(An Essay Competition: On the 10th Anniversary of 9/11): My Essay: (That's me - the photo on the right - getting my first bike 1959)
I have been thinking about this date as I remember where I was, “Who doesn’t,” the voice in my head always comments when I think this.
The strongest memory is being in the room of our last home together as a family. I was married then and deciding the fate of my life, my children’s lives and my husband’s future as well as planning my own. I have friends who still live there; they lived this horrible moment when life forced the kindness in their hearts to be hero’s to strangers, and I was in touch with them so spiritually that day, they are who my family is still today.
I remember being made aware I live in a place of the world where advantage is a commonplace item and privilege is often forgotten during the most normal day-to-day experiences we all have. Life for some of us is less of a struggle than other places. However the event, which occurred on 9-11-01, brought to mind all of these things, these words, and these changes in the course of my day to day as I stood there in our bedroom, watched over and over the replay and realized if I get one chance at this living and this breathing experience, I needed to make a change and change I did.
Ten years later I still remain the person I was, a not looking back person with regrets, I am still a forward believer in change will bring better to all; however change does bring fallout and my heart still swells under the realization of how small our loss was compared to the one faced by other parts of the world. This event remains big to the children and families who have a one on one path with this event. I send my love and prayers of healing to them, their families and to all effected directly and indirectly, it was a great loss and still a healing wound.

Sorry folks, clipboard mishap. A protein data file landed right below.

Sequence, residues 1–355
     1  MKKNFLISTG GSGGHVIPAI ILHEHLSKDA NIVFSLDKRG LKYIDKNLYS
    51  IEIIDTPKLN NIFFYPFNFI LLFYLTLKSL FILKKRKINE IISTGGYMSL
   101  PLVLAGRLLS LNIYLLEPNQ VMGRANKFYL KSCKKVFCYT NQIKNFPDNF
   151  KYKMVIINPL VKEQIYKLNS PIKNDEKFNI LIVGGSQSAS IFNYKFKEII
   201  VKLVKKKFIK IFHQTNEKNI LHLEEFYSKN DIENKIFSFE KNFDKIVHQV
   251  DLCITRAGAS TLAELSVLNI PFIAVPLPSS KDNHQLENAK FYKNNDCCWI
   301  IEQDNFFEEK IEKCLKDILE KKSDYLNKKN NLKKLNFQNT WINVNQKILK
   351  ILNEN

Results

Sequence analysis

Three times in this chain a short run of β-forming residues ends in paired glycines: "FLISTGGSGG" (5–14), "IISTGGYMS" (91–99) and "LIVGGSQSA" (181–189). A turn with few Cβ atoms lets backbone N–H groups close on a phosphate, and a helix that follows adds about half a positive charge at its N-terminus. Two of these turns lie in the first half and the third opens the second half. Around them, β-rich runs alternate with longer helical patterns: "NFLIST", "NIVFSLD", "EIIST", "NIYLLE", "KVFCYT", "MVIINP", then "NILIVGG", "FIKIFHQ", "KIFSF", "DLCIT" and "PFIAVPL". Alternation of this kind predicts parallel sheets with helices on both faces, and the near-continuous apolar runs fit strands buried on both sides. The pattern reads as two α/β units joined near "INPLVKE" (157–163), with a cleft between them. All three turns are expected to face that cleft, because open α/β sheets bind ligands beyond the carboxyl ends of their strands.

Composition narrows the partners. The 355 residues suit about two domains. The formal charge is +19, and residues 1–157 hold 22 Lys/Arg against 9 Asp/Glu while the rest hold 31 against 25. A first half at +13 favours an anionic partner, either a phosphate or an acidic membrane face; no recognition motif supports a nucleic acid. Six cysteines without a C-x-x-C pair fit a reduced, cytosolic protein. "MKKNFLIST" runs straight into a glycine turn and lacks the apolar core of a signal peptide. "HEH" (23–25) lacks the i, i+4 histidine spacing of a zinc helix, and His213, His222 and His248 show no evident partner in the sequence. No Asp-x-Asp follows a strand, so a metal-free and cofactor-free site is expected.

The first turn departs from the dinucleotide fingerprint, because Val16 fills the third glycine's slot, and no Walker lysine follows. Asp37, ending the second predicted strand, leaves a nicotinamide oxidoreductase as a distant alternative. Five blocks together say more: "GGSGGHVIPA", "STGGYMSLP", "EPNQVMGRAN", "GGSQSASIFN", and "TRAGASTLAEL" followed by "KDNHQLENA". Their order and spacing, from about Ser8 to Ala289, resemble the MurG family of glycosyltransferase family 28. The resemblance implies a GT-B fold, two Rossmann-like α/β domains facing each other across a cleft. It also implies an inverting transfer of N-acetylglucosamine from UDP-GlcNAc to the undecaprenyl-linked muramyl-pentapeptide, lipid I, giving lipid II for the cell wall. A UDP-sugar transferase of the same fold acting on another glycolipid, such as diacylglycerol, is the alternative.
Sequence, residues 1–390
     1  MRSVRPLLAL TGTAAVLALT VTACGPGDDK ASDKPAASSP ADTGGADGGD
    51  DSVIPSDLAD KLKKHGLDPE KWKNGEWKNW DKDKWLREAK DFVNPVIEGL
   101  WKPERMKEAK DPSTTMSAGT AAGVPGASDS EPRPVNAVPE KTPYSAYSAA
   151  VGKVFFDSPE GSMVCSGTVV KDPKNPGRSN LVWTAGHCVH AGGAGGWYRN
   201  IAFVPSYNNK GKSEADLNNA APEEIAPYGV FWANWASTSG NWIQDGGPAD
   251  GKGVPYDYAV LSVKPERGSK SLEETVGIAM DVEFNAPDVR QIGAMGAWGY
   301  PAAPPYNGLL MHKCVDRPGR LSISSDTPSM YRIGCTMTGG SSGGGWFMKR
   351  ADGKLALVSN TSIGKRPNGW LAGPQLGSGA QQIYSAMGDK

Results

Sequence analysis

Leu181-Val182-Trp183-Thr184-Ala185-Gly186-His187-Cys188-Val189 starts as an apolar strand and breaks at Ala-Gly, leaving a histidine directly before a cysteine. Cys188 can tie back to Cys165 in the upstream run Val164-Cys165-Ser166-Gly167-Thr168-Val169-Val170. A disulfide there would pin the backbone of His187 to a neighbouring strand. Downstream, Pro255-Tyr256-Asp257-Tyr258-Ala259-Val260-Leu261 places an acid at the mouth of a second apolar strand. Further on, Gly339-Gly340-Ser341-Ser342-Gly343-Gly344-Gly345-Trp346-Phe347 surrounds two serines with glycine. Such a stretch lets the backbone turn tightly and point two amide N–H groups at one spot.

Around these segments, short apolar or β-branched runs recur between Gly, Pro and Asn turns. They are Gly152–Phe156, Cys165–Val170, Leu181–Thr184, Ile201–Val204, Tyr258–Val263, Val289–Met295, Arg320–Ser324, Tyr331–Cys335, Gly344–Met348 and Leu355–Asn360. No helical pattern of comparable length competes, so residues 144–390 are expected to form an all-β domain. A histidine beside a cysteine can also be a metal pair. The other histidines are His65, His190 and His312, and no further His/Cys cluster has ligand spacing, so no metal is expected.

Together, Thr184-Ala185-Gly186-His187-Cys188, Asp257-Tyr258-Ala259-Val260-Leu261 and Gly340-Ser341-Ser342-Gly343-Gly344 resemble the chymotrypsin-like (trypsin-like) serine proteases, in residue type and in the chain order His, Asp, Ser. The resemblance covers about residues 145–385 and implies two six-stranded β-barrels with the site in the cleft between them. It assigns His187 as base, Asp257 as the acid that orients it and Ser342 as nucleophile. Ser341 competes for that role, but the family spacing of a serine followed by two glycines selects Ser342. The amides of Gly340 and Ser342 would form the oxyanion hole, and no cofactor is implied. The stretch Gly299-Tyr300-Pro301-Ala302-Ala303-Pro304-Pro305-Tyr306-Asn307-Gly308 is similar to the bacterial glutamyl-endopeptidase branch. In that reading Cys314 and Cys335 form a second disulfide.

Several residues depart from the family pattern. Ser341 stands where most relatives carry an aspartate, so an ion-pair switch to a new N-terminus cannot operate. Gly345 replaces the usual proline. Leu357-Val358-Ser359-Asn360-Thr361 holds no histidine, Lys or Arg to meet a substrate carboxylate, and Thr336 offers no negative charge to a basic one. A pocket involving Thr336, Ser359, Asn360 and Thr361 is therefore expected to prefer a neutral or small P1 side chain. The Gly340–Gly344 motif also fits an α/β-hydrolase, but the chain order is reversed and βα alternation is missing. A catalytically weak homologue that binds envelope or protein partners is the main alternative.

My children are now young adults, they are being readied to do what I did so many years ago when I was their ages, and so, I do find myself reflecting in this way, compare and contrast of then and now. I imagine the families who are bound together by this event and then I remember visiting the World Trade Center when I lived there (1977-88); the memory of the view, not once but twice, is breathtaking among other memories I have of living in NYC when I did. I also remember visiting the World Trade Center in 2007 when I went there with my daughter for a musical contest she won in NJ, our weekend visit with a long-term gal pal, her family and these more present day memories. The time between my visits from LA to NY had been long, much had happened since I had left (1987-88) and this weekend, when my daughter and I were there we walked from 72nd and Broadway to Greenwich Village and taxied or subwayed back, trivial details are escaping me now. But my daughter and I visited the World Trade Center and said our prayers to those buried here. It is now a somber place, a place of prayer and a place of honor. You can feel the bravery; it gave me chills just to think about all of this when we were there. To all and everyone, thank you for the memories, while some are now lost and all I have are memories of their lives, you are still in my heart and your bravery in living this lifetime, sharing some of it with me, I return to you the same with love.